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John Fullbright, the definition of an Oklahoma musician

Filed by KOSU News in Art & Life, Feature.
February 7, 2013

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This Sunday night, music gets the spotlight, as the National Academy for Recording Arts and Sciences hands out its awards at the Grammys. And an Oklahoma rookie will be competing alongside notables in one category. I sat down with one of the nominees from our state back when the news first came out…

The raw honesty of John Fullbright. He reaches deep in his music, inviting the listener along for the challenge. There’s an oh so small hint of Woody Guthrie influence in the 24 year old’s lyrics.

“Woody, I got into Woody, I read Bound for Glory and I was floored. Why didn’t anybody know about this guy, why weren’t we reading this book just for the sheer pride?”

John Fullbright grew up just outside Okemah, also the hometown of Woody, and with time to kill, the piano first became an outlet…

“I’ve always been on it, and it’s always been my voice when I didn’t have a voice.”

“So yeah instead of going out and doing stuff, you tend to stay in a little more. Creativity spawns from boredom and I spend a lot of time just sitting at a piano. Just sitting on a tractor.”

The songwriting came later. And then the guitar. Once he was ready to give it a go, Fullbright headed to Brick Street Café, one of the few restaurants in Okemah. Artifacts from an agricultural era past peer at diners from the walls…

“I just go take a microphone and play guitar and I’d play for 4-5 hours at a time. I’d set up at like 7 and just play until my voice went out. And that’s when I learned to scream…if 6 people were in there listening to me, that was a big deal.”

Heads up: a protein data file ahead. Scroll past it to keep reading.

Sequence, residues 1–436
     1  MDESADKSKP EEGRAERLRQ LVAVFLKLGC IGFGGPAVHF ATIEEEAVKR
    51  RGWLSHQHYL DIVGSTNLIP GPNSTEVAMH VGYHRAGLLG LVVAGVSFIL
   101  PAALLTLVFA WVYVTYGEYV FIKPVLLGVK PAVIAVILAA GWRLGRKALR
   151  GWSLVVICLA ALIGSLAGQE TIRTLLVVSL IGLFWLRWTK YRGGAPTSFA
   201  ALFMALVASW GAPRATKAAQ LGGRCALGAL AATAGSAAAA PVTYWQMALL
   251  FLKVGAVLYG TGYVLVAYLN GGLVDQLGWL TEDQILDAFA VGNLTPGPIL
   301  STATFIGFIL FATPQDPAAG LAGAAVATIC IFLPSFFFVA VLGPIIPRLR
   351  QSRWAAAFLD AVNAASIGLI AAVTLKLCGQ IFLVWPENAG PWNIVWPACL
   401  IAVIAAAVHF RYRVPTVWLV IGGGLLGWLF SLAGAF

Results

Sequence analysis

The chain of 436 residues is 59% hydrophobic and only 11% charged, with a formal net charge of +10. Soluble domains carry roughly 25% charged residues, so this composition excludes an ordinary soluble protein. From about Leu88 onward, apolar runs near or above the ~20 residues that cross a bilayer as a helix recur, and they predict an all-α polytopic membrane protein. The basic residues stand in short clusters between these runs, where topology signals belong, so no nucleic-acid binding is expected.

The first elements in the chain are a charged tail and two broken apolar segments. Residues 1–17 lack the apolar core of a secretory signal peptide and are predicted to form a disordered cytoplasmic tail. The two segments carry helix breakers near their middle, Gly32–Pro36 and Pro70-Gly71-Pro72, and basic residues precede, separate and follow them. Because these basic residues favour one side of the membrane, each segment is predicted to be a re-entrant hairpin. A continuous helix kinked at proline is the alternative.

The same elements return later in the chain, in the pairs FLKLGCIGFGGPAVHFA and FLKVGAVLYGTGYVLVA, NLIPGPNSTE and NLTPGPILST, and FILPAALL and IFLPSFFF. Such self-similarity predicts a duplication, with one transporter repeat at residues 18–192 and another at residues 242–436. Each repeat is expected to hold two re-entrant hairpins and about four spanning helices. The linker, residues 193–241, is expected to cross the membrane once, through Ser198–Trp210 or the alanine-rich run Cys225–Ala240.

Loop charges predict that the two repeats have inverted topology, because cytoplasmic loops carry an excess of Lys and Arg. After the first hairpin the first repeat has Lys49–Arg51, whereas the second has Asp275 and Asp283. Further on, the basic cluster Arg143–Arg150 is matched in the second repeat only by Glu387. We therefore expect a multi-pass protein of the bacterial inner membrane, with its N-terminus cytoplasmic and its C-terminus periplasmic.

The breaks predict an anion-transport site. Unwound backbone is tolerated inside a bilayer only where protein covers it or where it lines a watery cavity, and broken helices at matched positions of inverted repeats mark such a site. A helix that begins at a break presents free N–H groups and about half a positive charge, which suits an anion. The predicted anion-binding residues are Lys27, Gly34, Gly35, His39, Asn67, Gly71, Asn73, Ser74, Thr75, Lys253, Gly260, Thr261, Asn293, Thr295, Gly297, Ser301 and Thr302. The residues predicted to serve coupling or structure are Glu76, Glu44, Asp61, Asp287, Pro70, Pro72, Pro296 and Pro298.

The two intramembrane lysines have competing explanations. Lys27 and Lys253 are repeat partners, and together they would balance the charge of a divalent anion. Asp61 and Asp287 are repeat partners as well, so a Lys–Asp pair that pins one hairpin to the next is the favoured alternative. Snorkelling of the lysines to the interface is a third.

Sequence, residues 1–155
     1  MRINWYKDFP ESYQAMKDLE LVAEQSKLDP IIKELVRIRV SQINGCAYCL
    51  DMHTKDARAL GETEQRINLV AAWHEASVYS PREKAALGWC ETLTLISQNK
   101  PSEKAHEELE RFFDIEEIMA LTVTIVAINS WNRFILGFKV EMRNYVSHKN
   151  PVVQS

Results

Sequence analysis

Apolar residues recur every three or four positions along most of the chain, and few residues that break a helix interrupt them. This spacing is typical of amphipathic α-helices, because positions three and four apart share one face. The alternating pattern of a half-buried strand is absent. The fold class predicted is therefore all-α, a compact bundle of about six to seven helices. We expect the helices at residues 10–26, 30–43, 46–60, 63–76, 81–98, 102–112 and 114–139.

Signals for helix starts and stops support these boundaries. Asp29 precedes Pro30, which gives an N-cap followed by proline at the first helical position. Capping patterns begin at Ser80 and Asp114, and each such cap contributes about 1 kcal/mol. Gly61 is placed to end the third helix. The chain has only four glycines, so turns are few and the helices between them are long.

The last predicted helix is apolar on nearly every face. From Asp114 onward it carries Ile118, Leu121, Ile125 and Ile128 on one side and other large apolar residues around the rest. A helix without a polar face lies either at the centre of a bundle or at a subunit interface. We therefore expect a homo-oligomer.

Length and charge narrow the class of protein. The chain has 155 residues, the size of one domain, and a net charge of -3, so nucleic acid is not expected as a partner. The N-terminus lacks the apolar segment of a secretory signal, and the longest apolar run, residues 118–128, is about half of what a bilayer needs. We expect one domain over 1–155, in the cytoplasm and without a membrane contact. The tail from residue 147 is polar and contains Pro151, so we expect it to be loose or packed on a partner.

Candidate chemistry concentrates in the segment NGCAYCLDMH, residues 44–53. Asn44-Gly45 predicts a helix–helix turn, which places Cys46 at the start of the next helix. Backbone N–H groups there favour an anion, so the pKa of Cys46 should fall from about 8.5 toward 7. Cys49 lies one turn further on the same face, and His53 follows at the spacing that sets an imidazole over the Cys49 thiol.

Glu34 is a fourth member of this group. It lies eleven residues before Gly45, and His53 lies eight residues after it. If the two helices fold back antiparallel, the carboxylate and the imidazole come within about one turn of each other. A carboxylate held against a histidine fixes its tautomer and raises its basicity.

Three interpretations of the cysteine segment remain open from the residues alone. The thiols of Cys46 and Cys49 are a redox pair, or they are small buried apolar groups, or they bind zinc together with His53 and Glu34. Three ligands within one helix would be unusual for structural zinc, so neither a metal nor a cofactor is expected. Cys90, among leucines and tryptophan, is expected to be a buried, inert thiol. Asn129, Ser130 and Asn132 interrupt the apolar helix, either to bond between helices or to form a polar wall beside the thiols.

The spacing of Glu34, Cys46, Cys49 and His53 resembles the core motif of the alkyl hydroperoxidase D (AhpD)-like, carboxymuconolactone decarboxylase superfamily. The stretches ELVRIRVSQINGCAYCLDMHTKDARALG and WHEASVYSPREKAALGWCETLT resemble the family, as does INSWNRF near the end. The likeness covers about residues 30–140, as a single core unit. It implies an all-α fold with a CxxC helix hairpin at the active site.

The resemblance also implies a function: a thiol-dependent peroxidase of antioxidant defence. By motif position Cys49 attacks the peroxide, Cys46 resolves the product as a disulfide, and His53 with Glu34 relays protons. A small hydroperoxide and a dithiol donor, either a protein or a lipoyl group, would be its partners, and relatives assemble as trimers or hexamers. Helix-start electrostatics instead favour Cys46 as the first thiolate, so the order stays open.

Sandwiched in there is WoodyFest, the once a year festival that turns Okemah into the home of American roots music. And before long, Fullbright was opening up at the Blue Door in Oklahoma City, a stop for many singer songwriters. Greg Johnson runs the music club – and just as a side note, he also hosts a show here on KOSU every Saturday night. Johnson trotted Fullbright out whenever he could. Then a live album. And then From the Ground Up.

‘To me that’s the best part about this whole thing. That record was made with nothing in mind, you know? It was just like music, living, breathing, sweating, crying these songs, until they were absolutely finished. And From the Ground Up, that’s why it’s called that.”

John’s debut studio album netted him a Grammy nomination, alongside names like Mumford and Sons, Bonnie Raitt, and the Avett Brothers.

“It was the hardest I ever worked on anything in my whole life. And now it’s getting a little bit of attention, and that’s pretty cool.”

John’s just being modest. Try NPR, the Boston Globe, the LA Times, best of lists from all across the country, and wherever he goes, more coverage.

It’s a simple sound coming from an uncomplicated guy. He still drives a Pontiac Montana to gigs, and right after, told me he likes to sneak in a couple hours of driving before finding a parking lot to set up in for the night. So it’s no wonder you hear a working man’s voice…singing lyrics like “Dream me a better world”.

He hits all the check marks of Americana: harmonica, yearning lyrics, the occasional guitar solo. But sprinkling piano, and a hushed singing voice in occasionally, that’s all John.

In case you were worried about Fullbright forgetting the places that shaped his life, well, just listen.

“So I’m home and somebody sends me the message that says you just got nominated, and I’m right in the middle of scrubbing my tub and I just went back to scrubbing my tub because that’s not supposed to happen. Not to guys like me.”

It has, and it could happen again. John is scheduled to perform on the Grammy’s pre-show on the web. It’ll stream online at and

2 Responses to “John Fullbright, the definition of an Oklahoma musician”

  1. Rick Reiley says:

    A good interview. I appreciate it. Thank you.

  2. Jenny says:

    Enjoyed the interview….. Big fans of JF……

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